Sunday, 15 January 2012

15th January 1812: Magistrates break up nocturnal croppers meeting near Leeds

At 9 o'clock on the evening of Wednesday the 15th of January, Magistrates in Leeds received news they must have been dreading. An informant gave them information under oath about a conspiracy to destroy machinery in the area. Croppers were to gather en masse that night and then make their way at 11 o'clock to a new Mill at Sheepscar to "proceed to the work of destruction".

The Magistrates assembled at the office of the Town Clerk to decide what to do. They proceeded with mounted troops towards the proposed location of the attack, the meeting point being a bridge close to the Mill. Once there, they observed a number of people, who were passing the meeting place, and then returning to pass it by again, as if they were unsure of what to do. They seemed reluctant to gather, and when they finally dispersed at 1.00 a.m., the Magistrates and troops apprehended one of their number. The man had his face blacked, and carried a hammer and chisel. He also carried a large piece of burnt cork in his pocket.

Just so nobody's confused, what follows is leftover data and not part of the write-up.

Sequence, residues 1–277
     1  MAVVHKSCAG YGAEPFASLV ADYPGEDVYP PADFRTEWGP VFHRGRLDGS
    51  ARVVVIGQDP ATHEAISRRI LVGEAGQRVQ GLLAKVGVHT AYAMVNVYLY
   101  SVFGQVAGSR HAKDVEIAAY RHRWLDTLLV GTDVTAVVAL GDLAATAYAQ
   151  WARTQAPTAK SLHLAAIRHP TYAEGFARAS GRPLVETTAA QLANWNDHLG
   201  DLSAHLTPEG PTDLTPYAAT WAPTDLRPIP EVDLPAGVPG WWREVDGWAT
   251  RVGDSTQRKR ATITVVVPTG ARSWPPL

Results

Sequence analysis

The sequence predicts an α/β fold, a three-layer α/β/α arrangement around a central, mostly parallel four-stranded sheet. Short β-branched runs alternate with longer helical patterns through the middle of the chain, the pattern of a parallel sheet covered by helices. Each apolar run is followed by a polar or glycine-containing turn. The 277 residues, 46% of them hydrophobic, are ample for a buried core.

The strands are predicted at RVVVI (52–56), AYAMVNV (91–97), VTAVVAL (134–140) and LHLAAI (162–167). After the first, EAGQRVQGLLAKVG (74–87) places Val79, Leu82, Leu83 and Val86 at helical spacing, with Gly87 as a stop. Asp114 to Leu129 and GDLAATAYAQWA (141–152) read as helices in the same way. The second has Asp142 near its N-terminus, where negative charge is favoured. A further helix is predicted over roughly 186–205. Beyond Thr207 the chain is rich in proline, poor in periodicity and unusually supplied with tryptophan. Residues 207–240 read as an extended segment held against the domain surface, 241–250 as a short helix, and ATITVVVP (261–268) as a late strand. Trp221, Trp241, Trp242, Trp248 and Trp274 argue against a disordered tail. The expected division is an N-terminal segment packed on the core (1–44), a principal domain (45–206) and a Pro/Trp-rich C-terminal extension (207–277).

The Magistrates had acted just in time to prevent what would have been the first Luddite attack in Yorkshire.

This story appears in differing versions in the Leeds Mercury of the 18th January 1812, the Leeds Intelligencer of 20th January 1812, and the Leicester Journal of the 24th January 1812. The quote is from the former publication.

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